Dodwell's blog on SOM1 Ningbo - Post 2

February 18, 2014

Monday was the Business Mobility Group and the day of the APEC Business Travel Card – and we were tantalizingly close to that rare APEC phenomenon – a truly newsworthy development. We got within a hair’s breadth and winning full and formal endorsement to extend the life of the ABTC to five years. Even now, it is possible in the coming week or so that we might wrestle to closure on this breakthrough. Between 20 approving economies and success was just one bureaucratic and procrastinating economy. No names mentioned. They know who they are.
Despite the tantalizing frustration of failing to get closure on extension of the life of the ABTC, there was a second quieter but very significant success – agreement that a change in passport, with the inevitable changes in passport number, date of issue and date of expiry, would no longer kill the ABTC. For those economies lacking the technology to manage this, our officials agreed there would be investment in capacity building.
The meeting started well with a strong presentation from ABAC Japan’s Mika Takahashi on the key findings of the Japan-championed survey of business views on the ABTC. We in ABAC saw these findings back in Bali in September last year, but this was our first opportunity to take the findings to our ABAC officials. We provided the perfect backdrop for the subsequent discussions on managing passport changes without nullifying the ABTC, and on the issue of extension to five years.
The single procrastinator insisted that their economy was not in any way opposed to extending the life of an ABTC to five years. However, they noted that the BMG was on the cusp of contracting an independent expert to undertake an “end-to-end” review of the ABTC, with instructions to report insights and recommendations back to BMG in October. They believed that in view of this consultancy, a decision to extend from three to five years was premature. It was important to embed this issue in a comprehensive review, with recommendations left to an independent, external expert.
Our procrastinator was in a minority of one, but stuck to its guns. Huddles now commence “intersessionally”. Agony sometimes to watch consensus politics at work.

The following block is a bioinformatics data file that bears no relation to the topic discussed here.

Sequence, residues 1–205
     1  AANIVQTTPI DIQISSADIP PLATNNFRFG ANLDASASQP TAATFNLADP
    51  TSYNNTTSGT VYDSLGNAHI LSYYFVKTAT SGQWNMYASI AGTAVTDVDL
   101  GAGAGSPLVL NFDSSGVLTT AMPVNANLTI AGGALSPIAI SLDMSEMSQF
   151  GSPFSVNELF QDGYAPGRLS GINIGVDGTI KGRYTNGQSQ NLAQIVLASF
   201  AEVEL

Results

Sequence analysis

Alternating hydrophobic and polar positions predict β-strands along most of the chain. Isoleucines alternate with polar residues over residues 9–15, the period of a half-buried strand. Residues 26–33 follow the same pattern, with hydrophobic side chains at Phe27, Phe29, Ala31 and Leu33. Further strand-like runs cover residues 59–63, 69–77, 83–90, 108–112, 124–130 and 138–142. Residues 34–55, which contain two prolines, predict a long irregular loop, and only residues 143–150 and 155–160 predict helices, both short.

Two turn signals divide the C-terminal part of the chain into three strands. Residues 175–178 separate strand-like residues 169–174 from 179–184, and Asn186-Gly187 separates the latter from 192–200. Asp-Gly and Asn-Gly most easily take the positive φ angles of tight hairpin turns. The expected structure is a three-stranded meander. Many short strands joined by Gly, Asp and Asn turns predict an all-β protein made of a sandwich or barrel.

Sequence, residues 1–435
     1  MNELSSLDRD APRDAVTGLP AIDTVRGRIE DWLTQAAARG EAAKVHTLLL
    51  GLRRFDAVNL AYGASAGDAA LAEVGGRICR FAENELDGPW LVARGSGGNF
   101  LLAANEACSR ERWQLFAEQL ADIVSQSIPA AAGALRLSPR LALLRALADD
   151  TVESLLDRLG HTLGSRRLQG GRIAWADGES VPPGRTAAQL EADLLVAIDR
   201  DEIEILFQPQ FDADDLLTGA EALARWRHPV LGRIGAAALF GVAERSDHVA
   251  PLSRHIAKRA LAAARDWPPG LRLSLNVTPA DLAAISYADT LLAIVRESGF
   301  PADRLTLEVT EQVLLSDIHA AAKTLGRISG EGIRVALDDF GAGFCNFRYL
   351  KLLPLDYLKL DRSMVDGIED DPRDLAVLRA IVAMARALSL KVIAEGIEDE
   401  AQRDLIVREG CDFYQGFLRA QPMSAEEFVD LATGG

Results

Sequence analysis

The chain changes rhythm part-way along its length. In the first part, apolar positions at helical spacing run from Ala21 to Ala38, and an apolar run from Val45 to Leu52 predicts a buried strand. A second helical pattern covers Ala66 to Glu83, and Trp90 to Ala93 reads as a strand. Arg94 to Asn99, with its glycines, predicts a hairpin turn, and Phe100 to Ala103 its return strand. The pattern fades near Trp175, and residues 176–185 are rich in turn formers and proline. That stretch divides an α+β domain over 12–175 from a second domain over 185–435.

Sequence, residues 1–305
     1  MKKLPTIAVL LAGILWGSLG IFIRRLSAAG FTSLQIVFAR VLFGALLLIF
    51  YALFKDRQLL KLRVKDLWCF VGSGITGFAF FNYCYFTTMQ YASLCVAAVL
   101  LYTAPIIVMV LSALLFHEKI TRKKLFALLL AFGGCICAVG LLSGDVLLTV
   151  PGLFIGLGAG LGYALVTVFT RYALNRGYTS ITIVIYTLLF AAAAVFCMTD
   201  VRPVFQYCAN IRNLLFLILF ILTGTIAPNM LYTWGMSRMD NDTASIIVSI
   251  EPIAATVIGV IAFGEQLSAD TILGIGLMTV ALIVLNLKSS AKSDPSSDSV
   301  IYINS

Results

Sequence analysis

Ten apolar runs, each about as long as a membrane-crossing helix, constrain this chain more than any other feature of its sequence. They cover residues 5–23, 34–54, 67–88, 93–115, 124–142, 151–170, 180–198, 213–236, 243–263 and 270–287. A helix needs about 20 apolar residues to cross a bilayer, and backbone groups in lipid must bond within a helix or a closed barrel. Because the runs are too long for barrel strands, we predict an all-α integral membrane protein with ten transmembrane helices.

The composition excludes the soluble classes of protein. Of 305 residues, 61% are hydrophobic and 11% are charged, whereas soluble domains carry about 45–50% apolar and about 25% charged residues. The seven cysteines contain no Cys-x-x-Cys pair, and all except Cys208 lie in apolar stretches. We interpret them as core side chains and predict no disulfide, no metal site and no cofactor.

On balance, we should perhaps not be too impatient. The mood of the room was hugely in favour of extending the life of the ABTC to five years, so I think we can be confident that agreement can soon be achieved. But it would have been so nice to declare victory yesterday.
Beyond this dominating issue, the day’s other main sub-theme was the idea seeded at iSOM in December by China as incoming chair of APEC that we should be considering new kinds of travel card to facilitate “people-to-people” connectivity and better regional integration. The Emergency Preparedness Working Group is already working on an Emergency Response Worker Card, and we in ABAC are advocating an APEC Regional Skilled Worker Card to improve the management of movement of temporary workers around the region. China in the iSOM brainstorm queried the potential for an APEC Student Travel Card, and even a Tourist Card. My sense is that the latter is wildly impractical. Just looking at economies like Hong Kong welcoming in the region of 40 million tourists a year, and it seems clear that such a card would surely put impossible strain on the system – and would probably wholly undermine the fundamental aim of speedier passage through immigration channels at airports.
But the issue is now out of the box, and we will no doubt spend much time both in BMG and in the Human Resources Development Working Group on the potential for new cards. We were reminded yesterday that when ABAC more than a decade ago proposed the creation of an ABTC, we were laughed out of the room. And look where we have come today.. With patience, more is possible than we imagine.[ Back ]